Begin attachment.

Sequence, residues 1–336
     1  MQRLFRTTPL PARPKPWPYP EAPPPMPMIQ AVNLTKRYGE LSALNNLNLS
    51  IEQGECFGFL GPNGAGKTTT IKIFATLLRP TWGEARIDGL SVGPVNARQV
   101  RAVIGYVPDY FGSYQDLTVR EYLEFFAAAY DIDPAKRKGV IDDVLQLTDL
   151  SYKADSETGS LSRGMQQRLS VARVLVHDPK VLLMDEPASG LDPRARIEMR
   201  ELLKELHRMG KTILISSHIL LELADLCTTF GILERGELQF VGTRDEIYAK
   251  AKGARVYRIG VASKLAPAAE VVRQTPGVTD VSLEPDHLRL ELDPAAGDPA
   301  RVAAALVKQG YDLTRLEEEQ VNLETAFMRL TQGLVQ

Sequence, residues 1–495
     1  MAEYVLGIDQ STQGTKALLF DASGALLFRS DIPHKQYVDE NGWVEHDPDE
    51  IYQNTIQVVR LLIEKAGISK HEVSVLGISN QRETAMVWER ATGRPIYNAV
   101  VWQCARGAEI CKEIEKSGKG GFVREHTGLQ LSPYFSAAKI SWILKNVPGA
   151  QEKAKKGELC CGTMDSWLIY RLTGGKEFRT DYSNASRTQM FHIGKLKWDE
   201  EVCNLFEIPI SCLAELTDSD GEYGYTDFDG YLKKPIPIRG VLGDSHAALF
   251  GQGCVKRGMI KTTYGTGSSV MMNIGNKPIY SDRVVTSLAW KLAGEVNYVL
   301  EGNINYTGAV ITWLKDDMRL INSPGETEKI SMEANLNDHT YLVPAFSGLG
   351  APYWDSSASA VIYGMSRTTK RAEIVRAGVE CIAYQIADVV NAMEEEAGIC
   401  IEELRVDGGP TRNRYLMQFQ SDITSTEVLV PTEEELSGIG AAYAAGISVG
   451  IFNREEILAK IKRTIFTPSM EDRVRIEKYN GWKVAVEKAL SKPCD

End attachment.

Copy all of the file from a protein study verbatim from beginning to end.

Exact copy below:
Sequence, residues 1–336
     1  MQRLFRTTPL PARPKPWPYP EAPPPMPMIQ AVNLTKRYGE LSALNNLNLS
    51  IEQGECFGFL GPNGAGKTTT IKIFATLLRP TWGEARIDGL SVGPVNARQV
   101  RAVIGYVPDY FGSYQDLTVR EYLEFFAAAY DIDPAKRKGV IDDVLQLTDL
   151  SYKADSETGS LSRGMQQRLS VARVLVHDPK VLLMDEPASG LDPRARIEMR
   201  ELLKELHRMG KTILISSHIL LELADLCTTF GILERGELQF VGTRDEIYAK
   251  AKGARVYRIG VASKLAPAAE VVRQTPGVTD VSLEPDHLRL ELDPAAGDPA
   301  RVAAALVKQG YDLTRLEEEQ VNLETAFMRL TQGLVQ

Sequence, residues 1–495
     1  MAEYVLGIDQ STQGTKALLF DASGALLFRS DIPHKQYVDE NGWVEHDPDE
    51  IYQNTIQVVR LLIEKAGISK HEVSVLGISN QRETAMVWER ATGRPIYNAV
   101  VWQCARGAEI CKEIEKSGKG GFVREHTGLQ LSPYFSAAKI SWILKNVPGA
   151  QEKAKKGELC CGTMDSWLIY RLTGGKEFRT DYSNASRTQM FHIGKLKWDE
   201  EVCNLFEIPI SCLAELTDSD GEYGYTDFDG YLKKPIPIRG VLGDSHAALF
   251  GQGCVKRGMI KTTYGTGSSV MMNIGNKPIY SDRVVTSLAW KLAGEVNYVL
   301  EGNINYTGAV ITWLKDDMRL INSPGETEKI SMEANLNDHT YLVPAFSGLG
   351  APYWDSSASA VIYGMSRTTK RAEIVRAGVE CIAYQIADVV NAMEEEAGIC
   401  IEELRVDGGP TRNRYLMQFQ SDITSTEVLV PTEEELSGIG AAYAAGISVG
   451  IFNREEILAK IKRTIFTPSM EDRVRIEKYN GWKVAVEKAL SKPCD